Councils are practising what they preach

Council workers in Oxon are recycling 65 per cent, Craig Stephens, Paul MoCroft, Sonja Norris and Chiko Wade
Council workers in Oxon are recycling 65 per cent, Craig Stephens, Paul MoCroft, Sonja Norris and Chiko Wade

RECYCLING levels in council offices across Oxfordshire have soared over the past couple of years thanks to a range of new initiatives designed to make the sites greener.

Workers at district councils, including Cherwell District Council, are now recycling 65 per cent of the waste from their own buildings compared to 46 per cent three years ago. They have also reduced overall levels of waste by over 40 per cent. The Environmental Information Exchange at Oxford Brookes University was invited by Oxfordshire Waste Partnership (OWP) to see how district council waste performance stacks up.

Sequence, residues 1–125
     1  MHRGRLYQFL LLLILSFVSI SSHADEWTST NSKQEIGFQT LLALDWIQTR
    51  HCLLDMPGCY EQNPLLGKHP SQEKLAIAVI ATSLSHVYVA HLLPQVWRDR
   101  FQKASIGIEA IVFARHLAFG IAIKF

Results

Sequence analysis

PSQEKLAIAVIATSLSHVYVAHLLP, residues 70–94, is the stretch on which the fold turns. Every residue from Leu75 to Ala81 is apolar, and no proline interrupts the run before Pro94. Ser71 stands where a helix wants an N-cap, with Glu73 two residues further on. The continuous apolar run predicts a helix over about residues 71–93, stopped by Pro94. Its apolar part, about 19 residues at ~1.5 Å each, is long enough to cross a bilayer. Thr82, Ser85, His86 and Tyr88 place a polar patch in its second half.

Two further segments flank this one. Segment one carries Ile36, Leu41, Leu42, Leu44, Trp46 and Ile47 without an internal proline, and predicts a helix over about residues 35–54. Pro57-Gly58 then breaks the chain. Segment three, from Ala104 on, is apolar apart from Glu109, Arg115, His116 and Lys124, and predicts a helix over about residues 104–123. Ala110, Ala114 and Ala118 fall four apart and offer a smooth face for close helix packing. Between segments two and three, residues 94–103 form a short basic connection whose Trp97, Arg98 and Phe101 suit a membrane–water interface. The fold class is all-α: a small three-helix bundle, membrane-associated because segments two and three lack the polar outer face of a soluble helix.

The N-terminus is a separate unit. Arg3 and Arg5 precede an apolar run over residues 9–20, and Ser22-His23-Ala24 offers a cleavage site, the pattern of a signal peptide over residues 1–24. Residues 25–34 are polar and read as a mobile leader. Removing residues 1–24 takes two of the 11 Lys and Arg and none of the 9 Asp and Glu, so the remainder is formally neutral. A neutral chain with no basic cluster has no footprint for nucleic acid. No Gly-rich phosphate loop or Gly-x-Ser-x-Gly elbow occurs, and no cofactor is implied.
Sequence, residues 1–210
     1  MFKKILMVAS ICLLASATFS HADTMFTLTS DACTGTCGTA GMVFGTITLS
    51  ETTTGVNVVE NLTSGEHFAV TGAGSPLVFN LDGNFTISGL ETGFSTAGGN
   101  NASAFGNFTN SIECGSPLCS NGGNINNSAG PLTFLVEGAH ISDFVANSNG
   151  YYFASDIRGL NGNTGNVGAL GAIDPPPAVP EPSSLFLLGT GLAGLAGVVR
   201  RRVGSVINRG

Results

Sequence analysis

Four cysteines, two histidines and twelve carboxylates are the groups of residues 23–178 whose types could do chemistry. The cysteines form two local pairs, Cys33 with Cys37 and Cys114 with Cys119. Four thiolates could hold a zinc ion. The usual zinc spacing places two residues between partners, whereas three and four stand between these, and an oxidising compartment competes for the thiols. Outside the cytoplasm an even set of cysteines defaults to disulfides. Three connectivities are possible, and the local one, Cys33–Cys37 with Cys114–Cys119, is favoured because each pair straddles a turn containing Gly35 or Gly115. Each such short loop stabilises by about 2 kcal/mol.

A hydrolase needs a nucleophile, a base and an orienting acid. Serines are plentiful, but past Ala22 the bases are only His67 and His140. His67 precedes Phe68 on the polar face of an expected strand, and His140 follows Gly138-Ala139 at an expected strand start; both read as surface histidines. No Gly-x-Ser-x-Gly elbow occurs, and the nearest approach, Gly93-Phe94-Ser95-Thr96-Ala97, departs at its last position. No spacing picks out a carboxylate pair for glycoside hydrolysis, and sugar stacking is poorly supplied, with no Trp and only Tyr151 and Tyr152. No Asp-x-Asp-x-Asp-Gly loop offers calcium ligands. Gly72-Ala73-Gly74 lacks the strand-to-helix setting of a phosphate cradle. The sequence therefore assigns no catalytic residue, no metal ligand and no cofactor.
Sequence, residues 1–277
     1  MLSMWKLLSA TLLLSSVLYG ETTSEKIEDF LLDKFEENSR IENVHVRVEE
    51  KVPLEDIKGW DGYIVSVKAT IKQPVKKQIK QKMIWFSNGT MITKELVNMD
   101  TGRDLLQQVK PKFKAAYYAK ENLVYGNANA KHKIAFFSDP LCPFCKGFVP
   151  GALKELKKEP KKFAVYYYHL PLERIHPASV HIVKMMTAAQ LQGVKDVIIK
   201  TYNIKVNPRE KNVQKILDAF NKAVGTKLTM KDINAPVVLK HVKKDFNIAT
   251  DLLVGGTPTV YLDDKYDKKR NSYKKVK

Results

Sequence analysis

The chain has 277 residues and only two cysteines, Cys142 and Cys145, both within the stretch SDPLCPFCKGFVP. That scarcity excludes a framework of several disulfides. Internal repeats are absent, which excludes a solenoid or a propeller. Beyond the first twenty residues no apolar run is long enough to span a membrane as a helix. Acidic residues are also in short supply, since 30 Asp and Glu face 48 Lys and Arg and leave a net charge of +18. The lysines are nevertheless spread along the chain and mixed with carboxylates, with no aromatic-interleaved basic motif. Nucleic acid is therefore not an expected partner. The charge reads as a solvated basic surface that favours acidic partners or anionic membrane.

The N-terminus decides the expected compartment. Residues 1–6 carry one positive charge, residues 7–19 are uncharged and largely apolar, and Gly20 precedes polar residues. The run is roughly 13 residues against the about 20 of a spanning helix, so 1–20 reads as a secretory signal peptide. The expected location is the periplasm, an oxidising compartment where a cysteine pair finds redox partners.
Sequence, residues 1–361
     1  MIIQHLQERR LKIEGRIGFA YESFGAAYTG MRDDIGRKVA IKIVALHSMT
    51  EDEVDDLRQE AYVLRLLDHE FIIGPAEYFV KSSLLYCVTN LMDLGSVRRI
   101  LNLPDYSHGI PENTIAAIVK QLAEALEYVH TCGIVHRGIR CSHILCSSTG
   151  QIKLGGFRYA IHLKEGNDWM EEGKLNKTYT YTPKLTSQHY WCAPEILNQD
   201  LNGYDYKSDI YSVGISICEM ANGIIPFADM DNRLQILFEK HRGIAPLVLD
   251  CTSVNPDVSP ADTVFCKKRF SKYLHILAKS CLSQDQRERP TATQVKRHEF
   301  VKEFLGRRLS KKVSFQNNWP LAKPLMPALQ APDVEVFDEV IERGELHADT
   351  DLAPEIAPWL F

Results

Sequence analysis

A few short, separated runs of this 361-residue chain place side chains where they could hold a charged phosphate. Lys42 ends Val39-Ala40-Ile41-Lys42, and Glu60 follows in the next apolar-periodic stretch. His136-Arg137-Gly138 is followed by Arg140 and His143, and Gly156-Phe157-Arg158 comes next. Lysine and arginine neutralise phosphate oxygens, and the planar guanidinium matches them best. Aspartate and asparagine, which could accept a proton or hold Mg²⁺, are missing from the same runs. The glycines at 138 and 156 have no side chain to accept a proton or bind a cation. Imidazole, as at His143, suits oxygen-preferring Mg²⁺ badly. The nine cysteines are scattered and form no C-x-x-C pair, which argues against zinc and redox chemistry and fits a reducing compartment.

Michael Esvelt, project director on the Oxford Brookes programme, who oversaw the recent waste audits which showed the improvements, said he was delighted with the findings and added: “We naturally expected district councils to have high levels of recycling, but these current findings put their offices in the top quarter of all business we survey. It’s great to see these advancements brought about through updated recycling schemes, being more efficient over use of resources and printing double sided – simple activities that will save councils money too.”

Lorraine Lindsay-Gale, chairman of the OWP said: “It’s really important that council staff lead by example when it comes to recycling and green initiatives and these latest results show that we are. There’s still progress to be made, but we’re improving all the time and aim to be even more sustainable over the coming years.”

This years OWP annual report highlighted numerous initiatives which the have earned the partnership national awards. The report notes the county now recycles 55 per cent more than it sends to landfill, that it has meet its recycling target nine years early, and 4,200 homes are now powered by energy from food waste technology.

OWP coordinator Wayne Lewis said: “I’m sure most people can’t imagine putting their food waste back in the landfill bin. We’ve got a challenge to do even more, but it’s a challenge we’re looking forward to.”